Extended CD Track Commentary

Extended CD Commentary by Jackie Small

 

Unfortunately due to space limitations within the CD booklet itself, we were not able to print the full versions of Jackie Small's commentary in the liner notes to The Francis O'Neill Cylinders. His full commentary is listed below; simply click on the track title to jump to commentary about that particular tune.

Disc One  Disc Two
1. The Monaghan Jig: Patsy Touhey 1. The Blackbird (Set Dance): Edward Cronin
2. Governor Taylor's March: Patsy Touhey 2. Hawk's Hornpipe: Bernard Delaney
3. The Shaskeen Reel: Patsy Touhey 3. Doctor O'Neill (Jig): John McFadden
4. The Ladies' Pantalettes (reel): Patsy Touhey 4. Miss Monaghan (Reel): Patsy Touhey
5. Brian the Brave & The Gardener's Daughter (Air & Reel): Patsy Touhey
5. The Sailor's Jacket (Reel): Bernard Delaney
6. The Duke of Leinster (Reel): Patsy Touhey 6. Judy Hynes (Jig): Patsy Touhey
7. Taylor's Hornpipe: Patsy Touhey 7. Gusty's Frolics (Slip Jig): Patsy Touhey
8. The Maid on the Green (Jig): Patsy Touhey 8. Rakish Paddy (Reel): Patrick Touhey
9. John O'Dwyer & Scotch Mary (Air & Reel): Patsy Touhey
9. Dan Curley (Air): James Early
10. The Croppies' March: Patsy Touhey
10. Banish Misfortune (Jig): Edward Cronin
11. The Connachtman's Rambles (Jig): Patsy Touhey 11. Bean Dubh an Gleanna (Air): Patsy Touhey
12. Touhey's Favorite Hornpipe: Patsy Touhey 12. Rodney's Glory & The Humors of Bandon (Set Dances): Patsy Touhey
13. Bold Jack Donahue (Air): James Early 13. The Blackbird (Air): Patsy Touhey
14. The Maid behind the Bar (Reel): Patsy Touhey 14. The Swallow's Tail (Reel): John McFadden
15. The Dear Irish Boy (Air): Patsy Touhey 15. The Pigeon on the Gate (Reel): Patsy Touhey 
16. Scotch Mary (Reel): Touhey, Early, & McFadden 16. Saddle the Pony (Jig): James Early

 

Disc One, Tracks 1 - 8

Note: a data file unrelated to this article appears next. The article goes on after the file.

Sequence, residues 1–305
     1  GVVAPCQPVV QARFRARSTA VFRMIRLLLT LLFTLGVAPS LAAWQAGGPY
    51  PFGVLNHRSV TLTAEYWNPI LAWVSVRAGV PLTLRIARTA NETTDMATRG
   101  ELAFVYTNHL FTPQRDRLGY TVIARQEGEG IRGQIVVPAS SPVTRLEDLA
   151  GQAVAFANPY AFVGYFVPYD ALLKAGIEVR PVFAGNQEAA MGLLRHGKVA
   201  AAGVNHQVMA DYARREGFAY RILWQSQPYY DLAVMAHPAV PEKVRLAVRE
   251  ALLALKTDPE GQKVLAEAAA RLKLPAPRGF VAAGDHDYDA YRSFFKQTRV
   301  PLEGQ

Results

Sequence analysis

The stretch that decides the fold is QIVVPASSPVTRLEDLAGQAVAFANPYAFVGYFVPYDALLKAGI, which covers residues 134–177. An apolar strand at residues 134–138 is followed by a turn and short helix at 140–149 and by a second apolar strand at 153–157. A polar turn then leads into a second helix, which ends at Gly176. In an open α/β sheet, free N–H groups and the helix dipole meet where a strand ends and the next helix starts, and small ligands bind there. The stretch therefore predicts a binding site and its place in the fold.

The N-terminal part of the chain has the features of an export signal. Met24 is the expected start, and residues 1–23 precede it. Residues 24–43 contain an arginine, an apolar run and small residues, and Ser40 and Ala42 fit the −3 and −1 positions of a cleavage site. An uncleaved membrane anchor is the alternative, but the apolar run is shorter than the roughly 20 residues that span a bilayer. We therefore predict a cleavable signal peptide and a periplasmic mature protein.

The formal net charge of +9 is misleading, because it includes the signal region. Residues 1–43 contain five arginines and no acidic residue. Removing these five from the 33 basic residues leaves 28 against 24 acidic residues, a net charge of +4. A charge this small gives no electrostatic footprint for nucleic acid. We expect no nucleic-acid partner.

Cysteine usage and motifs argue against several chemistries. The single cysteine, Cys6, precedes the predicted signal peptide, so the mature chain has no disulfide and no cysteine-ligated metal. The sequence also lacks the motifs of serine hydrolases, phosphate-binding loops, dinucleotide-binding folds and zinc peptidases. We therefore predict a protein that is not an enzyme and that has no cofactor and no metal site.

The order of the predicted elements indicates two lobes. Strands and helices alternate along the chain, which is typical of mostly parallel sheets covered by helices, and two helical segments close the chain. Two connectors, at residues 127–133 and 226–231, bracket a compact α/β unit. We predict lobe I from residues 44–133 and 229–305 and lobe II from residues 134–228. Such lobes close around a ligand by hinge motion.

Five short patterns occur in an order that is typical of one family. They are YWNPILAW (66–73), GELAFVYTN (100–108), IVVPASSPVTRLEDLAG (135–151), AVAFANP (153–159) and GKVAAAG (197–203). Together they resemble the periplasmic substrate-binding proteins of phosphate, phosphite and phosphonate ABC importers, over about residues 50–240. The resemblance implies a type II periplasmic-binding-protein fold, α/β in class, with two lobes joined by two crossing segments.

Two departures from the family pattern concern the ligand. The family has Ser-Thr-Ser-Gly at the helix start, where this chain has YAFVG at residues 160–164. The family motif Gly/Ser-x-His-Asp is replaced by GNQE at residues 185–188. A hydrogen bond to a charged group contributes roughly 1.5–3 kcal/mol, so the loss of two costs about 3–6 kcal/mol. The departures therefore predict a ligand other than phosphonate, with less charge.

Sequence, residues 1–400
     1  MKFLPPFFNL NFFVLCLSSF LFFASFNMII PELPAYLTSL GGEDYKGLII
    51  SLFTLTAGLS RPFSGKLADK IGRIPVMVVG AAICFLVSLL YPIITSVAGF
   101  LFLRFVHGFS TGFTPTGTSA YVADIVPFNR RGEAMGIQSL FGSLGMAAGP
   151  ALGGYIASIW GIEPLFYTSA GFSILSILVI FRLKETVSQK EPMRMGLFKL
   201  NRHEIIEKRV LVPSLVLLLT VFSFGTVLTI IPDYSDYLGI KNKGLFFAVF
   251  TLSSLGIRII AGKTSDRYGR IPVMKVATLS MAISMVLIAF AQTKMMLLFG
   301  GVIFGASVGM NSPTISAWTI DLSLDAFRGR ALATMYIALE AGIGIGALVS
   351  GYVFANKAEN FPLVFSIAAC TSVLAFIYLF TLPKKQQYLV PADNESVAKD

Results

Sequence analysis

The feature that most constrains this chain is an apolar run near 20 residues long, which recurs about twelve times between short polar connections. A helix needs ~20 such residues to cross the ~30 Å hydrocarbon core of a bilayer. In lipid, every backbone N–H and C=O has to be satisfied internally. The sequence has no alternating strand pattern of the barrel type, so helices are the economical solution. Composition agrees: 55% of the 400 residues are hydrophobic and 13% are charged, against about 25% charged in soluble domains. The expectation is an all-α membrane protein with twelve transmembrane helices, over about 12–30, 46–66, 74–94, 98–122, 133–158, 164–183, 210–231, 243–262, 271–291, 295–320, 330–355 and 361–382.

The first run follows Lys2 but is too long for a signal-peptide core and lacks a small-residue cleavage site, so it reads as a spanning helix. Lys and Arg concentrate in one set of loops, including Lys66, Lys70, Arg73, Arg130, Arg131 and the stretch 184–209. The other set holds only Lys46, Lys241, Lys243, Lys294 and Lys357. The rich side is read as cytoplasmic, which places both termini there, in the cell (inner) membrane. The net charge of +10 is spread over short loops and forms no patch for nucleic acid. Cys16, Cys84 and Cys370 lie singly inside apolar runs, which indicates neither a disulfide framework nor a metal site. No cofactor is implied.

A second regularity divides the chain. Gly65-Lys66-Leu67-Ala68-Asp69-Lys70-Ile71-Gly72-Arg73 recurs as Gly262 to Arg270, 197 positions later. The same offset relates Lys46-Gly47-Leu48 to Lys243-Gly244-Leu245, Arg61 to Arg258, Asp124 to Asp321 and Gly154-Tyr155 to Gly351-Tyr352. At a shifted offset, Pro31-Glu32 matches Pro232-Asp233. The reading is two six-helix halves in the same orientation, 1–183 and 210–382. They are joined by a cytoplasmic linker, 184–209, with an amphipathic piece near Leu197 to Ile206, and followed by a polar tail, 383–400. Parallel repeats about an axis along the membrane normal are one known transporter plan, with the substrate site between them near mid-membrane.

1. The Monaghan Jig: Patsy Touhey

O’Neill 1903, # 1033; O’Neill 1907, # 245.

Touhey’s performance of this jig is a dazzling feat of virtuosity. Some of the outstanding stylistic features are the unusual crans on the second-octave E, and the fluent use of notes at the top of the upper range of the uilleann pipes chanter, including the rarely heard top D.

Touhey’s version contains four parts; three parts are given in O’Neill’s collections. The popularity of this tune today is due to the fact that the tune was recorded by the fiddle player Michael Coleman on a commercial 78rpm disc in New York in 1921. Coleman played four parts, and it has long been assumed that the fourth part was composed (or at least added) by Coleman himself; Coleman’s fourth part is regarded by traditional musicians as quite challenging. This recording reveals that Touhey played the fourth part, in a version even more elaborate than Coleman’s.

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2. Governor Taylor's March: Patsy Touhey

O’Neill 1903, # 1813, as ‘I Wont Be a Nun’; PPT, # 33, with O’Neill’s title.

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3. The Shaskeen Reel: Patsy Touhey

O’Neill 1903, # 1703, as ‘The Shaskeen Clog’ in the hornpipes section; O’Neill 1907, # 802 (as a reel); O’Neill 1922, # 327 (as ‘The Shaskan Reel’); PPT, # 10.

In O’Neill 1922, Francis O’Neill described this tune as ‘a best seller among phonograph records’ without specifying who the bestselling performer was or whether the term ‘phonograph’ referred to a cylinder or gramophone recording. However, in all likelihood O’Neill was referring to the version on 78rpm commercial disc by the fiddle player Michael Coleman, released in the year before the book was published.

Touhey’s performance here is a major find and a rather mysterious one. Long before Coleman’s successes with ‘The Shaskeen Reel’, Touhey’s playing of the tune was one of the most extravagantly praised performances in Irish music. O’Neill wrote the following about a recording that was sent to the musicologist Richard Henebry: